3. Amelia D
    January 21, 2014 at 5:44 am

    @Dave P.

    That is true. There is no bad or good reviews on artistic things such as books, however they can still be helpful. For example, a "bad" review might explain that the book was dry and did not stay true to the characters while a "good" view might explain that while the book was a bit dry it was well worth the read and the characters were shown in comedic light.

    I now have a good idea on whether or not the book might appeal to me. :)

  4. Aibek E
    January 17, 2014 at 10:20 am

    I read them, especially on Amazon, 2-3 reviews in 4-5 stars and 0-2 stars ranges. Also one of the first things I do when shopping on Amazon is filter out everything that has a review rating of less than 4 stars.

    • Dave P
      January 20, 2014 at 6:56 pm

      Wow, the filtering is quite an extreme thing to do. What if a product had a few poor reviews bringing down the average? You may be missing out on gold, Aibek, gold! :)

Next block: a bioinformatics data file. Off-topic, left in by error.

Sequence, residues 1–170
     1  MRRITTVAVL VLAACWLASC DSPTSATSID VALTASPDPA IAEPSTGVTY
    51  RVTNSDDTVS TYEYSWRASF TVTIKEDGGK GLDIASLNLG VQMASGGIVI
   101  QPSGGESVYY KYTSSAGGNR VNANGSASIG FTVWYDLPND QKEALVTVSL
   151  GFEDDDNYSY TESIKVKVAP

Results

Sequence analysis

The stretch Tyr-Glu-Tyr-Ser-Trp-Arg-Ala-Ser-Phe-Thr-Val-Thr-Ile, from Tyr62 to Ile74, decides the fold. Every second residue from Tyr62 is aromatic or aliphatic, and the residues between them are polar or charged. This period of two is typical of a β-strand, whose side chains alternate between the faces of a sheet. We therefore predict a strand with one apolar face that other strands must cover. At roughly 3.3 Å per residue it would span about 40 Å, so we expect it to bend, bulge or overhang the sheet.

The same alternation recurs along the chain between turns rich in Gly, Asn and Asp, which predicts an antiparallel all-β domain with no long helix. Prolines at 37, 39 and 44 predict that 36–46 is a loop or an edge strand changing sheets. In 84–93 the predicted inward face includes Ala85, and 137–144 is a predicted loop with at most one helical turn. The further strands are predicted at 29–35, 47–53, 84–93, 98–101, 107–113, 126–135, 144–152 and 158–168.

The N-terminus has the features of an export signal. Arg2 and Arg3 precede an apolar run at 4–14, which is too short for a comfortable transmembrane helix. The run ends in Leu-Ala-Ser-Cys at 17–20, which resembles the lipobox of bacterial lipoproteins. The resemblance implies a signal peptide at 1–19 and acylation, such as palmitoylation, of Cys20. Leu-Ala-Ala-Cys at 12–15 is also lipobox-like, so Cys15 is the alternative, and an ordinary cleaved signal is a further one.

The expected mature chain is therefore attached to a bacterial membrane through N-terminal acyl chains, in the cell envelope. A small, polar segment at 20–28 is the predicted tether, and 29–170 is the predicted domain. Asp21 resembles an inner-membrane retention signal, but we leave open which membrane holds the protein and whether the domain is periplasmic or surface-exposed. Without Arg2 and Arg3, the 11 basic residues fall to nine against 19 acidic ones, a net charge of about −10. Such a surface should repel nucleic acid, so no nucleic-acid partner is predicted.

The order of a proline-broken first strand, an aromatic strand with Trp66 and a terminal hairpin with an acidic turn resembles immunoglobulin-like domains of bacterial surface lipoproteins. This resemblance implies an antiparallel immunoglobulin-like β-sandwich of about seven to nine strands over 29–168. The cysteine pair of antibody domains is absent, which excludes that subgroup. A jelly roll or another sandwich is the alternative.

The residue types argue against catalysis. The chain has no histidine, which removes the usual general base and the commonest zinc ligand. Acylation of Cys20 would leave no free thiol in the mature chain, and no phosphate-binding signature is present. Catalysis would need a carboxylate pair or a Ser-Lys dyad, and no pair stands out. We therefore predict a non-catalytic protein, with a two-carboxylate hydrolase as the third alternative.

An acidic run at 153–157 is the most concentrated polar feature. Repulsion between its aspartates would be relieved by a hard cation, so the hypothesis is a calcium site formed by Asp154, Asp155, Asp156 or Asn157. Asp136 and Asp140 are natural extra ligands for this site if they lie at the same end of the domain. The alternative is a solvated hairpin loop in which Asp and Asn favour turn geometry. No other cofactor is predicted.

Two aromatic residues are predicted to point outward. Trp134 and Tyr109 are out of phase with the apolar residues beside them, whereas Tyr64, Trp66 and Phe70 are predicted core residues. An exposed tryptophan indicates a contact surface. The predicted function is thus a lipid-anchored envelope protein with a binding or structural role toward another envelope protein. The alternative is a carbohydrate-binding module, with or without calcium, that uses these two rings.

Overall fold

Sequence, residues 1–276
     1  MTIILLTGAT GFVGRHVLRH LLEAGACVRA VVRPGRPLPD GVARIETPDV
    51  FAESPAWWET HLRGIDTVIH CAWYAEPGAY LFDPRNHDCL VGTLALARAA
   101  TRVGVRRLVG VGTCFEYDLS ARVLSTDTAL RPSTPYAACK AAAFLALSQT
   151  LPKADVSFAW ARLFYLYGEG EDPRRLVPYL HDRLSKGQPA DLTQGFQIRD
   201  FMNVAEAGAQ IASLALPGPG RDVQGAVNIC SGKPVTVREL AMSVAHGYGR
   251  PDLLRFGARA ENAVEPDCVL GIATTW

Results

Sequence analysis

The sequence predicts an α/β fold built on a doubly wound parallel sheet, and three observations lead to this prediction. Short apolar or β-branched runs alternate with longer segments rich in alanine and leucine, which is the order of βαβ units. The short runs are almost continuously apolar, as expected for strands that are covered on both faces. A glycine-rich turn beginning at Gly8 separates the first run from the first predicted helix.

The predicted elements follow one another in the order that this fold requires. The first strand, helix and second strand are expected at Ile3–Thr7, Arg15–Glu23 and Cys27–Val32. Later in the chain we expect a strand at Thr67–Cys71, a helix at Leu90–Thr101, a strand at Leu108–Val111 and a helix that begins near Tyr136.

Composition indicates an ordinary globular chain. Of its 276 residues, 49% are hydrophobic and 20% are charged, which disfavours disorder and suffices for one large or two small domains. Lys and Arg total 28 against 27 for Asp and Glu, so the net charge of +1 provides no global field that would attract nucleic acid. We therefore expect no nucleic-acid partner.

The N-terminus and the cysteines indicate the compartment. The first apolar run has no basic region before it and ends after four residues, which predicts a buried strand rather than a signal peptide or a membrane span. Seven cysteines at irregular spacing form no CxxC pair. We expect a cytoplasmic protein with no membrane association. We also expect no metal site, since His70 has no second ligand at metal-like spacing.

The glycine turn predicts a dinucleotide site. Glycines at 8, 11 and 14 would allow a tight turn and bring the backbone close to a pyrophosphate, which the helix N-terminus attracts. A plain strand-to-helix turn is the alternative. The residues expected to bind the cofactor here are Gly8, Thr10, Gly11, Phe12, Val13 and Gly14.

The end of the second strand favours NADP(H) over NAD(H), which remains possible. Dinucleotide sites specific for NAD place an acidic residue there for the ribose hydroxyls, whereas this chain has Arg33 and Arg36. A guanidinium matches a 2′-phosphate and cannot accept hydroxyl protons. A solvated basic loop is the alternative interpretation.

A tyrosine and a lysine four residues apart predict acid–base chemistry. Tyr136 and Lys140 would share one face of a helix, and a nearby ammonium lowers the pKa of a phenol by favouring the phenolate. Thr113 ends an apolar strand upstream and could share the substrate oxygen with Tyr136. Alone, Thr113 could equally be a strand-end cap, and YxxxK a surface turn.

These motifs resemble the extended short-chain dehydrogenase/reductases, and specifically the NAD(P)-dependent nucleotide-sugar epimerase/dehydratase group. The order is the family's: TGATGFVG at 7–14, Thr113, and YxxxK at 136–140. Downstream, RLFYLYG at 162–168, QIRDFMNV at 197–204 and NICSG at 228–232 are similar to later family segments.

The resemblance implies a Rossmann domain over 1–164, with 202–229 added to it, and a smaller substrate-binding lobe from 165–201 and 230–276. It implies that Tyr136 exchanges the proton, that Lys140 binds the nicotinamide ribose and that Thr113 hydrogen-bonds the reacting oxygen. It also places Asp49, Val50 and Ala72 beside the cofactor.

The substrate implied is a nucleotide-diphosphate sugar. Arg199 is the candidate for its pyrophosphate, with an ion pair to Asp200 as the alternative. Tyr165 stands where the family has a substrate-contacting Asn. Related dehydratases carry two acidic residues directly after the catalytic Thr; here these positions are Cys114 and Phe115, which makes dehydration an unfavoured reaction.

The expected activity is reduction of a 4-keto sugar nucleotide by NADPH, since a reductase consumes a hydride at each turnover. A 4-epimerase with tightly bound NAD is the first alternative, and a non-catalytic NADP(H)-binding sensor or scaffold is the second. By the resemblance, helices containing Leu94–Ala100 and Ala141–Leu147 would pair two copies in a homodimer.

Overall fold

• Aibek E
      January 21, 2014 at 10:52 am

      @Dave P.

      Indeed, filtering everything by 4 starts and above removes a lot of stuff. That said, having fewer items to choose from makes the selection process easier)

  5. Caroline W
    January 17, 2014 at 5:54 am

    eBook reviews on Amazon definitely influence my decision to purchase and I'm glad that people take the time out to review. Same goes for DVD's.

    Software reviews are another important one for me as it gives me insight into a product, what people think about it, what to 'avoid'. And having someone with a favorable or un-favorable experience aids in my decisions.

    Not all reviews do I take as gospel and I take time considering each one; but without them, personally, I'd be at a disadvantage. So Yes, I certainly value reviews!

    • Dave P
      January 20, 2014 at 6:55 pm

      Have you ever ignored poor reviews and bought a book or DVD regardless? If so, how did it work out?

  6. Tom W
    January 16, 2014 at 10:31 pm